GRAIL is leading the way with a blood-based multi-cancer early detection test
For 45 years, the American Society of Clinical Oncology (ASCO) Annual Meeting has provided an opportunity to chart progress in the fight against cancer. Marked in its early days by steady advancements in chemotherapy and a growing understanding of cancer as a disease of the genome, in recent decades the meetings have witnessed the dramatic emergence of targeted treatments and immunotherapies. Yet despite the tremendous advancements made in oncology, more than 1,600 people die in the U.S. every single day, and cancer is soon to be the world’s number one killer. A “new front” in the war on cancer has been summoned — multi-cancer early detection.
At ASCO 2019, data was presented on the foundational study from GRAIL, the Circulating Cell-free Genome Atlas (CCGA) Study, which explains the basis for a groundbreaking development in cancer control. This is the largest study of its kind, grounded in the principles of precision medicine and leveraging technological advances in genomics and machine learning. GRAIL reported results from CCGA, demonstrating that a single blood test can detect more than 50 cancers.
The ASCO presentation was a major milestone because it suggested our test could enable the routine identification of many more cancers, and at early stages, when therapies are much more likely to be successful and even curative. For example, a person whose cancer is found before it has spread to other parts of the body is more than four times as likely to survive five years than a person diagnosed with advanced disease.
The unmet need for early cancer detection is significant. In fact, the five cancers with existing screening recommendations in the U.S.today represent less than 50 percent of the cancers in individuals 50 to 79 years of age.1 And while current screening critically improves cancer outcomes, it alone is not enough. According to our estimates, nearly 71 percent of cancer deaths are attributable to cancers with no recommended screening tests.2,3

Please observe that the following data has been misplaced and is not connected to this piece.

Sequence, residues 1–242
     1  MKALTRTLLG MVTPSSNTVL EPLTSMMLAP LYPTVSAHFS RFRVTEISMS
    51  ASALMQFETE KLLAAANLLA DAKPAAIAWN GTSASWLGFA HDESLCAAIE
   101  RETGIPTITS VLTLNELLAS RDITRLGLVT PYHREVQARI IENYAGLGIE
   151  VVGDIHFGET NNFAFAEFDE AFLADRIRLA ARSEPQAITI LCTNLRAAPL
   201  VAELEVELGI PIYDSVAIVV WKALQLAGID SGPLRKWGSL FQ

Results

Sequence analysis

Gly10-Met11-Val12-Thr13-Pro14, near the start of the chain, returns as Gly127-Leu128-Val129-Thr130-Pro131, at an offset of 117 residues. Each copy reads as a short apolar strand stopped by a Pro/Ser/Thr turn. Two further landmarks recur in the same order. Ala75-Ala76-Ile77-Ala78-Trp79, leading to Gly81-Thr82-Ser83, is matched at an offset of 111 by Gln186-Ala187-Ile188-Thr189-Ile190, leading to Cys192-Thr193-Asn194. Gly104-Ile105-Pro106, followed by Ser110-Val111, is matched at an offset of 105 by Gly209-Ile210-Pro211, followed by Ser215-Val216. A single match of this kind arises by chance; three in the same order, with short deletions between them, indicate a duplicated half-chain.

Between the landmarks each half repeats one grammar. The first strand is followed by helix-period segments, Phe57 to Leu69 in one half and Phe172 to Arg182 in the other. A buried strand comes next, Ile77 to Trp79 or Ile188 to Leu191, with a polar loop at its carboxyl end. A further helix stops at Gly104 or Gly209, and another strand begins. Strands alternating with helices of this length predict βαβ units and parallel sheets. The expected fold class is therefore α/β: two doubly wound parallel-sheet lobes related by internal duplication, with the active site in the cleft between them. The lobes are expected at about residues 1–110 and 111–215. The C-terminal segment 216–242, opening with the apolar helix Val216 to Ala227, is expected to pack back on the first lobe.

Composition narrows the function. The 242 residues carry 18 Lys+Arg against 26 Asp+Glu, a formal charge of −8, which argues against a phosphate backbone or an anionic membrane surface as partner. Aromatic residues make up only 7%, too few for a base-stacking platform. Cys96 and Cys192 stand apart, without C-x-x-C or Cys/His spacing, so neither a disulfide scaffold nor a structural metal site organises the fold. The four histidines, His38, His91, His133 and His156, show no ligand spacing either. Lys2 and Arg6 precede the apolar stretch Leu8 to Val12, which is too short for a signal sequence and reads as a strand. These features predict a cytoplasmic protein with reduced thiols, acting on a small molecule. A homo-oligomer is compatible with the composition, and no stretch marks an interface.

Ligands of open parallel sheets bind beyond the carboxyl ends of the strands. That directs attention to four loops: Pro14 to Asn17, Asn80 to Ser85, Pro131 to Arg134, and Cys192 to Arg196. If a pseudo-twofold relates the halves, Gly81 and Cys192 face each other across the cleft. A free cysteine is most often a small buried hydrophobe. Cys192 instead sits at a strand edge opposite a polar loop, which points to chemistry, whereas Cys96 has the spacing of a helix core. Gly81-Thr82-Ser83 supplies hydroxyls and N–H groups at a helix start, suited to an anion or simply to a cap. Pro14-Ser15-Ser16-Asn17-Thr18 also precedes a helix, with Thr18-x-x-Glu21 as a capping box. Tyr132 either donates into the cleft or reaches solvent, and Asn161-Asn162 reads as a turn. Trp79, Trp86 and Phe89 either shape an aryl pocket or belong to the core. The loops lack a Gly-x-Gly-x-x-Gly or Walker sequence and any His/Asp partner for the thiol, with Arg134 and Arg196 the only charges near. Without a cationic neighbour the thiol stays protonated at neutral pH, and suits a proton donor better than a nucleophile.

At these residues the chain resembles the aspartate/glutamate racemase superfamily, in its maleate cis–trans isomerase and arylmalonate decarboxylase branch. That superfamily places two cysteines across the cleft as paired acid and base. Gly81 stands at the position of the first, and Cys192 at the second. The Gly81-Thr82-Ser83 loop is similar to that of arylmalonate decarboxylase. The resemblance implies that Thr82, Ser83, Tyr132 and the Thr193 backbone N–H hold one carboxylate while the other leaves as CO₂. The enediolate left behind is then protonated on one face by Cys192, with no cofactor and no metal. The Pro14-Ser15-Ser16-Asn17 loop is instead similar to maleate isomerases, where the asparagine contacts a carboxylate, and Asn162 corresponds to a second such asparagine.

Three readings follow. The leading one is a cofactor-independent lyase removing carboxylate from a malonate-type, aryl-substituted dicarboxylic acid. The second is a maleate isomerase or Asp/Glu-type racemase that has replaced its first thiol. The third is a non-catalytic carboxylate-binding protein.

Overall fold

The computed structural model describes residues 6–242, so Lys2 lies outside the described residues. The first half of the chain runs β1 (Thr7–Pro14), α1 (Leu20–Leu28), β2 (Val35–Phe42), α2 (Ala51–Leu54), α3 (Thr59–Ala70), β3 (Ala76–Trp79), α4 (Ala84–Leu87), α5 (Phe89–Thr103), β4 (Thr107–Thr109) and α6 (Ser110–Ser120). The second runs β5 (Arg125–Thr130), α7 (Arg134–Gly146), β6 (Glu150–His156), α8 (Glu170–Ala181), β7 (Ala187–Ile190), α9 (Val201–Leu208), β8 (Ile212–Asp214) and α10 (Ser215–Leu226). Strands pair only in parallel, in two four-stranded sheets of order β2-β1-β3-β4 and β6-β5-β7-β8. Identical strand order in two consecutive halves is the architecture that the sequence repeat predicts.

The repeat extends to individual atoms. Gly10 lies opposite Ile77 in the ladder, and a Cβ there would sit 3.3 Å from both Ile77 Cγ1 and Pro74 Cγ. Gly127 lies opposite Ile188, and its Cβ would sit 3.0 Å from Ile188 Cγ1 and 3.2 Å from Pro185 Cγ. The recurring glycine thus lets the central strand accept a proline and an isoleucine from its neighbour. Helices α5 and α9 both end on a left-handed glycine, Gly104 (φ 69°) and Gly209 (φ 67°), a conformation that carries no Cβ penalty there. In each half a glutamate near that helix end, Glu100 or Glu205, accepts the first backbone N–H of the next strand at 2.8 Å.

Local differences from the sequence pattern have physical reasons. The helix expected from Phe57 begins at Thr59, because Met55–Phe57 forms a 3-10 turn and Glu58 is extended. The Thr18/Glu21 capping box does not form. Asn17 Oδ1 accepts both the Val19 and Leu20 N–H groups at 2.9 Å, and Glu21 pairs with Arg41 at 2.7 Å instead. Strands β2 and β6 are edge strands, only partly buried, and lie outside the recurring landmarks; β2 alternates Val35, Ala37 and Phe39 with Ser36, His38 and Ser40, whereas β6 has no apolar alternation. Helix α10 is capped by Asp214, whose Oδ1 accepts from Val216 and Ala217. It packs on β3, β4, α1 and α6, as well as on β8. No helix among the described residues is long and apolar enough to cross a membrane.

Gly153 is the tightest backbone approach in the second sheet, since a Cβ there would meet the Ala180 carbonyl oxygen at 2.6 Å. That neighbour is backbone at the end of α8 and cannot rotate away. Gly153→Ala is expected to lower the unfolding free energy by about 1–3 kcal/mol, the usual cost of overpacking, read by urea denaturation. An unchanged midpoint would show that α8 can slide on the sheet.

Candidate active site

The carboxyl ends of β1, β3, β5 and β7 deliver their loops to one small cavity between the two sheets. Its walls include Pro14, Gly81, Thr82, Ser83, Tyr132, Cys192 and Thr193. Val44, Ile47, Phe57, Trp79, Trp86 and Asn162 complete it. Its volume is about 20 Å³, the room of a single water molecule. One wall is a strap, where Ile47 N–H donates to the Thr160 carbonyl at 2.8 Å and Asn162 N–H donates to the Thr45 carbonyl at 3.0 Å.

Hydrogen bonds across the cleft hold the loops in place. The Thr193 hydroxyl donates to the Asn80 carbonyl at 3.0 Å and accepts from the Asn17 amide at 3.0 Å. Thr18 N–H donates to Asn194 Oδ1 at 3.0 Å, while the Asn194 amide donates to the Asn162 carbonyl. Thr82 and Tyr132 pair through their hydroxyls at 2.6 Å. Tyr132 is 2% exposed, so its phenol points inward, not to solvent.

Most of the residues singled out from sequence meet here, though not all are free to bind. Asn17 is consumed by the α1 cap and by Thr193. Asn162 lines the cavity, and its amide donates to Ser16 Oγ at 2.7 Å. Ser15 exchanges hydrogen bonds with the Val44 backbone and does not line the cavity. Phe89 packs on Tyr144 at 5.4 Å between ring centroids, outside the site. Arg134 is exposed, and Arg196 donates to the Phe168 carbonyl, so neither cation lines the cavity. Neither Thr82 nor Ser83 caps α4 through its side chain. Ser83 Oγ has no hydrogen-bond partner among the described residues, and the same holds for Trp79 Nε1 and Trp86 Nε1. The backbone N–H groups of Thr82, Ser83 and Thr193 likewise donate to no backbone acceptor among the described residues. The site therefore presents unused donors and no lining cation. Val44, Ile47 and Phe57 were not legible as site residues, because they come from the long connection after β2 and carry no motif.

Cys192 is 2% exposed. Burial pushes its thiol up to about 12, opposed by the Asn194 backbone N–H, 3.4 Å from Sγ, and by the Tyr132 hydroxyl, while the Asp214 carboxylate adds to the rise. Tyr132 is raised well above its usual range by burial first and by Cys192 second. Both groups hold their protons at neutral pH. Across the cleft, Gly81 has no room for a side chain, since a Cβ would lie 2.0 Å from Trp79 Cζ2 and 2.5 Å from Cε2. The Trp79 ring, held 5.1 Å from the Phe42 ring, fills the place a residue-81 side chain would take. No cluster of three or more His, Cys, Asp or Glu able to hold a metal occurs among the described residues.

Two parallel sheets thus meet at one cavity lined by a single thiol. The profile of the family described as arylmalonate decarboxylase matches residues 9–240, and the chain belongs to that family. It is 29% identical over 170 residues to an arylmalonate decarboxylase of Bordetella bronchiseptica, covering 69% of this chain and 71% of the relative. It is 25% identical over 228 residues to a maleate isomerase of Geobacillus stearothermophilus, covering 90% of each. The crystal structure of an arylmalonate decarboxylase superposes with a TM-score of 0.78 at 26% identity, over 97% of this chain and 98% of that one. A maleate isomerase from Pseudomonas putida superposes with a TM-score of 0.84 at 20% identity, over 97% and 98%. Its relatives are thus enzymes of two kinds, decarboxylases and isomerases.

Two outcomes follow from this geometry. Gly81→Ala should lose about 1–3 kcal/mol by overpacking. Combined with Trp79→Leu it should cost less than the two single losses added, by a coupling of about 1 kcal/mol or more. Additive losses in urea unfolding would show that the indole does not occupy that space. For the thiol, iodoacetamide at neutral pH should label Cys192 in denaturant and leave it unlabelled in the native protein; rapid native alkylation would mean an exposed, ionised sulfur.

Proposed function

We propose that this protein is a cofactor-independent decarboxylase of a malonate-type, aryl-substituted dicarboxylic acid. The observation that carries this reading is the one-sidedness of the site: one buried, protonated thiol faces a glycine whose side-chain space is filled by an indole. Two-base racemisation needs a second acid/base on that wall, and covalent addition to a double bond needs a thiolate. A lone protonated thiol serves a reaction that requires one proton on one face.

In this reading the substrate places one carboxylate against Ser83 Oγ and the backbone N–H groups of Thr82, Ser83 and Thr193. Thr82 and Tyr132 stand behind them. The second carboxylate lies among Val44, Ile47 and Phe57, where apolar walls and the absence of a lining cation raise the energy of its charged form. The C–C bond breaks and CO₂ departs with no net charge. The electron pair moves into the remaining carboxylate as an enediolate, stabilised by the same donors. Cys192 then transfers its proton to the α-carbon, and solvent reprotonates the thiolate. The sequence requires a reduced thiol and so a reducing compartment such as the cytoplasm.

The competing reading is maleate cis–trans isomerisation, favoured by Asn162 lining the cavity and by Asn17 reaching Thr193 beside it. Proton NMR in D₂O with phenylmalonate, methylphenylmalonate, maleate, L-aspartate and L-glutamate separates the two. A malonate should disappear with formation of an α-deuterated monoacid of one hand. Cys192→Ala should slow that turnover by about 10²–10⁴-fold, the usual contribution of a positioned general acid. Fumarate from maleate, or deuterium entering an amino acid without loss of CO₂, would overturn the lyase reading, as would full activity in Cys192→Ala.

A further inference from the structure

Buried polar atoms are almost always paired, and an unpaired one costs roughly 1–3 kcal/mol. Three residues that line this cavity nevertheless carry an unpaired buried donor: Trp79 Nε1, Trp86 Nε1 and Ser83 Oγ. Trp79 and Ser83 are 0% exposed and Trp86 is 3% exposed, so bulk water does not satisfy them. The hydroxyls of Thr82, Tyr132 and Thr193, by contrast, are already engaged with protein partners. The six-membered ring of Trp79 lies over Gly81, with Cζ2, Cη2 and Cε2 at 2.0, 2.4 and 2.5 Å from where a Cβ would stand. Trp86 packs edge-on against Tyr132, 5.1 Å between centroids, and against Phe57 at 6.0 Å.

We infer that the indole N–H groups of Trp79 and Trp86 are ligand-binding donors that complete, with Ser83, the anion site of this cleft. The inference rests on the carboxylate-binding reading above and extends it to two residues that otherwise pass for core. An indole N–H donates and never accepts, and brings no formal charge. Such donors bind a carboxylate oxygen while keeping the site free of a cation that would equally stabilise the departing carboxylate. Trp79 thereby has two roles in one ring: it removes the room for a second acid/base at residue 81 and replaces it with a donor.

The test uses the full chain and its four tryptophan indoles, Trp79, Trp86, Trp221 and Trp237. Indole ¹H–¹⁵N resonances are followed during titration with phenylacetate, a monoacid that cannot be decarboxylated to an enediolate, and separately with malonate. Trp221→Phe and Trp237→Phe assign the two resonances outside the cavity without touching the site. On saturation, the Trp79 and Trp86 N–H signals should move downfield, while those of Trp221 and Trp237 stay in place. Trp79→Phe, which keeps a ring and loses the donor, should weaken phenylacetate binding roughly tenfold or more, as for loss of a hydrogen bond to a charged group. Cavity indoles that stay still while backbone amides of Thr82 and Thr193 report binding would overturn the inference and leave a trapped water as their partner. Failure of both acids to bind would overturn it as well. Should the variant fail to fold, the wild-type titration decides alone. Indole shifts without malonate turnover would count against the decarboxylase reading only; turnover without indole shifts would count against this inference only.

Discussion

Fortunately, there are companies and institutions making tremendous progress in the rapidly emerging technology of multi-cancer early detection. The GalleriTM multi-cancer early detection test from GRAIL was designed to maximize population cancer detection while minimizing potential harms, and is a complement to existing screening tests. The Galleri test can detect more than 50 cancers across all stages, with a very low false-positive rate of less than one percent. When a cancer signal is detected, the Galleri test can identify where in the body the cancer is located with high accuracy — critical to enable health care providers to direct efficient work-up and subsequent care for patients. Recent modeling data suggests if all cancers currently diagnosed at stage IV could be detected earlier, evenly distributed across stages I-III, cancer deaths could fall by 24 percent.4
GRAIL is building the foundation of evidence necessary for clinical use and broad adoption. In the last year, in addition to multiple data presentations, GRAIL has published validation data for their technology in Annals of Oncology, and they initiated PATHFINDER, an interventional study that will use the Galleri test to guide clinical care for the first time. This large-scale interventional study is being conducted at Dana-Farber Cancer Institute, Mayo Clinic, Intermountain Healthcare, Sutter Health, Oregon Health & Science University, and Cleveland Clinic.
GRAIL was founded to tackle one of the most ambitious undertakings in healthcare, to find cancer early, when it can be cured. This groundbreaking technology will be the first of its kind and is set out to change the trajectory of cancer care. Beating cancer starts with knowing you have it, and this novel approach from GRAIL of early detection could provide a potent new weapon in the war against cancer.
To learn more about the Galleri multi-cancer early detection test, visit galleri.com.
1Surveillance, Epidemiology, and End Results (SEER) Program (www.seer.cancer.gov) SEER*Stat Database: Incidence – SEER 18 Regs Research Data, Nov 2018 Sub. Includes persons aged 50-79 diagnosed 2006-2015 “Early/Localized” includes invasive localized tumors that have not spread beyond organ of origin, “Late/Metastasized” includes invasive cancers that have metastasized beyond the organ of origin to other parts of the body.
2Among individuals 50-79 years old.
3Assumes screening is available for all prostate, breast, cervical, and colorectal cancer cases and 33% of lung cancer cases (based on estimated proportion of lung cancers that occur in screen-eligible individuals older than 40 years) Data on file from Surveillance, Epidemiology, and End Results (SEER) 18 Regs Research Data, Nov 2017 Submission. Includes persons aged 50-79. Estimated deaths per year in 2020 from American Cancer Society Cancer Facts and Figures 2020. Available at: http://www.cancer.org/content/dam/cancer-org/research/cancer-facts-and-statistics/annual-cancer-facts-and-figures/2020/cancer-facts-and-figures-2020.pdf
4”within 5 years”. The citation is as follows: Clarke CA et al. Cancer Epidemiol Biomarkers Prev. 2020;29(5):895-902.
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